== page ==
Using the feature Edit-file influences more than the edited parts

Hi all -First post.
I have an issue when i use the Edit file feature in my own repo.
When compare …compares my code-change against project-Master, parts i never touched are being marked up as changed.
This is what i an trying to do:
I have seven reals that i want to change in a existing block of code
I also want to add some explanation to the block as comment, because i feel it is missing.
From my editor (NotePad++):

  • i copy the block in question
  • Open my gitHup repo
  • Browse to the file
  • Open the file for editing with
  • Find the codeblock and replace it with my edited clip-board version.
  • Use the Commit button on the page
    I now expect my tiny edit to have replaced the previous code.
    I then create a Pull-request up against project-Master, and ask for Project-review:
    The Reviewer then tells me that i have made changes to code in several different files!! and in more than 900 lines of code!
    That is just wrong!
    What is wrong in my approach?
    Why does editing a file in my own repo, with the gitHub tools, resulting in this kind of problem?
    It has happened 4 times now.
    Every time it is different code that are being marked as changed.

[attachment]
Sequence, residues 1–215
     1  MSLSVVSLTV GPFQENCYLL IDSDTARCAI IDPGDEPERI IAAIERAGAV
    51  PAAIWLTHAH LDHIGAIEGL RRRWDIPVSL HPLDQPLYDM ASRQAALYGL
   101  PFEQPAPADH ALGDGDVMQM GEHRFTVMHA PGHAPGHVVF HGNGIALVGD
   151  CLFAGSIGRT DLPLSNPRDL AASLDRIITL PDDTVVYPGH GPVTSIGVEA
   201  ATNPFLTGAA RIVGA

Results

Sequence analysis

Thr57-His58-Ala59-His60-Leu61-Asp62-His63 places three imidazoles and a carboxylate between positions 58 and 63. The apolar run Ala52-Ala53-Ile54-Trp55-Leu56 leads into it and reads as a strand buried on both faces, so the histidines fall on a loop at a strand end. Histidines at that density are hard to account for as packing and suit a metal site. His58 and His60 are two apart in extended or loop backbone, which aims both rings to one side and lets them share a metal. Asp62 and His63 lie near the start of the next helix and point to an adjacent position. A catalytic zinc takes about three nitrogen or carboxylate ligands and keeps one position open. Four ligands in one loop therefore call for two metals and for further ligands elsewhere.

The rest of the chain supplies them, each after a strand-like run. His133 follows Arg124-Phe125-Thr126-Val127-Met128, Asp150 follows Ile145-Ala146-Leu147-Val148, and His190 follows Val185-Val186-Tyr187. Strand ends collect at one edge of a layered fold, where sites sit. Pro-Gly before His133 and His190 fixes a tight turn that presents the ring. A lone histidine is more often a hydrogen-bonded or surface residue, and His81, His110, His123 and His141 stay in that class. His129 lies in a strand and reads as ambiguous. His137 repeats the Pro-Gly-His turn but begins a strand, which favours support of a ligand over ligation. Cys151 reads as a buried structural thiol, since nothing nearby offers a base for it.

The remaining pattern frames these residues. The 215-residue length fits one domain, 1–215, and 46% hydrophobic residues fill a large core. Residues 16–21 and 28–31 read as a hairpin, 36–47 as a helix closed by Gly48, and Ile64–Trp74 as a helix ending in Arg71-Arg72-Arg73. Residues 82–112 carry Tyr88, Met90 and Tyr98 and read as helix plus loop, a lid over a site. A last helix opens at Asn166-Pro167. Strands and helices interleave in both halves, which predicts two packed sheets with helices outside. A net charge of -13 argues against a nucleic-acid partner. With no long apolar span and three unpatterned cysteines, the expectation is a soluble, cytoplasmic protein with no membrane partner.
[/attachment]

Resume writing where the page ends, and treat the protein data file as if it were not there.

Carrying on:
Can anyone explain ?
Tyia.

Hey @musikBear :wave:

Thanks so much for your post; that sounds very frustrating! Though from what you describe, I wouldn’t be able to narrow down behavior with that description alone.

Is this work being done in a public repo? If so, it would be helpful if you could link to an example PR showing this behavior.

Outside of examining your specific PR(s), I’d be wondering if you’re working on a particular branch? Is it possible you’re working a branch that someone else is also committing code changes to/on? That could certainly explain things.

If you are working directly on the main branch, have you considered working on a unique branch to yourself as you make changes? This should ideally keep any guessing out of what the pull request includes, once you get that far.